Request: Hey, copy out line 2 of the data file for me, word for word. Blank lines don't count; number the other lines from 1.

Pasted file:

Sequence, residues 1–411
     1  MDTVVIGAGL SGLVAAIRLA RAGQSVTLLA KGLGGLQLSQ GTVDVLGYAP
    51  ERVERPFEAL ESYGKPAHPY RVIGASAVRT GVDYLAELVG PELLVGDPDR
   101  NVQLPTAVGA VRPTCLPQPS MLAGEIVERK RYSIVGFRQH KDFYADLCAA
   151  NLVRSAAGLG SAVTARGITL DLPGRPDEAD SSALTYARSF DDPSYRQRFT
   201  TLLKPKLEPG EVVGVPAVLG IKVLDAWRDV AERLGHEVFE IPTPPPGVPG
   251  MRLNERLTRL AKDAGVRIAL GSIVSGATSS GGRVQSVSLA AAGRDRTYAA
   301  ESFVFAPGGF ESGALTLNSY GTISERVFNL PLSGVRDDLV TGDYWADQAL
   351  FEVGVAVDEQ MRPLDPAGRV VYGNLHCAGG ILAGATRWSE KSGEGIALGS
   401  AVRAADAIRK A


     1  MDTVVIGAGL SGLVAAIRLA RAGQSVTLLA KGLGGLQLSQ GTVDVLGYAP